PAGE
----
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Exodus (meaning "exit" or "going away from"):

The beginning of 70 of Jacob's family in Egypt grew to a large nation, filling the land of Goshen. So the Egyptians made slaves of the Israelites (also called Hebrews). One of the sons of Jacob was named Levi . Out of the family of Levi, at a time when the Pharoah had tried to kill all Israeli babies, the baby Moses was born. He was raised by Pharaoh's daughter. When Moses was grown, he killed an Egyptian that was beating a Hebrew. Moses then had to leave Egypt to avoid being killed. Moses went to the land of Midian, where he met Reuel (also called Jethro) and married his daughter Zipporah.

Burning Bush (Exodus 3:2):
An Angel of the Lord appeared to Moses as "flames of fire from within a bush." Then God told him to be the person to free the Hebrews from Egypt. Moses begged to not be the person chosen as this spokesman. The Lord insisted and told him to throw down his staff (i.e, shepherd's rod) onto the ground -- at which point it was turned into a snake. The Lord told Moses to put his hand into his cloak (i.e, robe); it became "leprous, like snow" and then became all right when put into the cloak and withdrawn again. The Lord then told him that water would also be turned into blood. These things would allow the people in Egypt to know that Moses was indeed sent by God to them. Moses begged God further, so God allowed Moses' brother Aaron to be the spokesman to the people with Moses being the messenger from God.

Moses (80 years old) and Aaron (83 years old) went to Pharaoh and requested that the Hebrews be allowed to worship God for three days in the wilderness. Pharoah did not allow this, so Moses and Aaron had to demonstrate the power of God with miracles and finally plagues, such as frogs, flies, hail, and locusts. Finally, (Exodus 11) God told Moses that He would send the "Destroyer" to kill the firstborn (i.e., oldest) sons of all in Egypt, except for those oldest sons of the people of Israel. The Hebrews were instructed by Moses to kill a lamb and coat the sides and tops of their doorframes with the blood of the lamb, so that the "Destroyer" would pass over their home (Exodus 12:23) -- hence the celebration thereafter of the Passover (celebrated forevermore, always around late March or first of April by our calendar). Pharaoh let the Hebrews go, after their 430 years in Egypt. Moses took the bones of Joseph with him out of Egypt. Pharaoh went after them when he realized that they were not coming back after their leaving to worship their God. The sea opened up for the Hebrews and they walked on dry ground, whereas it closed onto the following Egyptians, killing the army of Pharaoh. The time of the Exodus from Egypt was around 1250 B.C.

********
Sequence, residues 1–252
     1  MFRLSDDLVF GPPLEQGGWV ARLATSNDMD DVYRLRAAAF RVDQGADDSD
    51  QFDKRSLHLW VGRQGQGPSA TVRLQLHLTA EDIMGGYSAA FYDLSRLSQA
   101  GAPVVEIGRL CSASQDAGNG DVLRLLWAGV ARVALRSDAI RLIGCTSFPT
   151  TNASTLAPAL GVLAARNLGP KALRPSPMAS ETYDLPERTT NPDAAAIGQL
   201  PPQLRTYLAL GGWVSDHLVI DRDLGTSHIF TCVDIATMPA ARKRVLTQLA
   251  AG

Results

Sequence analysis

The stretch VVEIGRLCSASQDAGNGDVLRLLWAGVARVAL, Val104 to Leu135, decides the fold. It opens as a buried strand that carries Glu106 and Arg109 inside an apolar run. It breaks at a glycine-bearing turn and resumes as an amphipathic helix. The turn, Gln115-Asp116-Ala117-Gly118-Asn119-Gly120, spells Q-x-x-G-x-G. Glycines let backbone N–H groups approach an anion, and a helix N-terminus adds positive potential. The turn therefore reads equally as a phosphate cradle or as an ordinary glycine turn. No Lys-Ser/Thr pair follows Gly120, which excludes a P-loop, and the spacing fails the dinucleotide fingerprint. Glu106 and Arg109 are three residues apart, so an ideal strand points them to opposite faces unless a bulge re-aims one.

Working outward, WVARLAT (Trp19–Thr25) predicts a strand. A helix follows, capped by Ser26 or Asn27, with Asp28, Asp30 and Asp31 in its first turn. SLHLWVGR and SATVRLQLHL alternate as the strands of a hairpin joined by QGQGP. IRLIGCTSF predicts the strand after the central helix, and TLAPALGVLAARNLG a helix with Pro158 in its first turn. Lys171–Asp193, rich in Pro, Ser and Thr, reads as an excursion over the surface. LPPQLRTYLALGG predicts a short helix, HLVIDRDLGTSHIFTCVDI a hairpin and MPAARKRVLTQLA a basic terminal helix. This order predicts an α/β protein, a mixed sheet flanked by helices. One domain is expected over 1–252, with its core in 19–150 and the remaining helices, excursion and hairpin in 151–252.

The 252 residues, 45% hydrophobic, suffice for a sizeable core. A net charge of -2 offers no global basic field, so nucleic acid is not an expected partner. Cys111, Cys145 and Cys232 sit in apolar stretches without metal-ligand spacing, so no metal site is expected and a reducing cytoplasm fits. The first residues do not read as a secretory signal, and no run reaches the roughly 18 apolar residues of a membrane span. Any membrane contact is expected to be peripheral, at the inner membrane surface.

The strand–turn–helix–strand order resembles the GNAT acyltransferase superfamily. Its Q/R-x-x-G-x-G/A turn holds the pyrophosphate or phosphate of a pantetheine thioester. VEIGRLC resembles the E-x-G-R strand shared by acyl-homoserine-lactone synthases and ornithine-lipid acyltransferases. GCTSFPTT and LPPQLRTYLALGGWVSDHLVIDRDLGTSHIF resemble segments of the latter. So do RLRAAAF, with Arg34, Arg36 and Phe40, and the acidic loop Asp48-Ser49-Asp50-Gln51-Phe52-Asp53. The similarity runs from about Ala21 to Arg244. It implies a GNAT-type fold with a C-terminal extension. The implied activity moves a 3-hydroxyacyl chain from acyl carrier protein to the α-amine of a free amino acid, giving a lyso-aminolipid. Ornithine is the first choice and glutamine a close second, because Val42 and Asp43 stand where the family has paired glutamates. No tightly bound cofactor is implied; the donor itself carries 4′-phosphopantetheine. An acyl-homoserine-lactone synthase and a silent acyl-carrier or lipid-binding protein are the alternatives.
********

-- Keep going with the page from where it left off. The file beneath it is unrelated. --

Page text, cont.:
Two months after leaving Egypt, the Hebrews arrived between Elim and Mt. Sinai. The people griped about their condition, so God provided them with "manna" ([Exodus 16:31] meaning "what is it?") -- a bread-food that was white and tasted like wafers made with honey; formed from dew on the ground. At his father-in-law's suggestion, Moses appointed "judges" to administer justice to the people.

TEN COMMANDMENTS : God issued His Ten Commandments (Exodus 20):

Exodus 20:3: (1) You shall have no other gods before Me.
Exodus 20:4: (2) You shall not make for yourself an idol...
Exodus 20:7: (3) You shall not misuse the name of the Lord your God...
Exodus 20:8: (4) Remember the Sabbath day by keeping it holy... the seventh day is a Sabbath to the Lord your God. On it you shall not do any work...
Exodus 20:12: (5) Honor your father and your mother...
Exodus 20:13: (6) You shall not murder.
Exodus 20:14: (7) You shall not commit adultery.
Exodus 20:15: (8) You shall not steal.
Exodus 20:16: (9) You shall not give false testimony (i.e., not lie)...
Exodus 20:17:(10) You shall not covet your neighbor's house.... or anything that belongs to your neighbor.

God told Moses the laws that were to be applied to the people. There were twelve tribes of Israel, and altars were arranged to signify this. God instructed Moses on how to build a Tabernacle and an Ark (Exodus 25:10: of acacia wood, 3 3/4 ft. long, 2 1/4 ft. wide, 2 1/4 ft. high overlaid with gold (inside and out) containing inside the stone tablets engraved with the Ten Commandments). The Ark would be a place in the Holy of Holies for God to reside. Aaron and his sons were designated as the priests for God. The requirements for altars, incense, and offerings were described to Moses by God. Moses first went to Mt. Sinai to get the Ten Commandments and was there for 40 days and 40 nights. Since Moses was gone so long, his brother, Aaron, at the request of the people built a golden calf that they all worshipped. Moses saw this and, in disgust, destroyed the stone tablets of the Ten Commandments that God had given to him. He then went back to Mt. Sinai for another 40 days and 40 nights and made a contract (or Covenant) with God to not destroy the people if they would obey the Ten Commandments. God created the tablets again.


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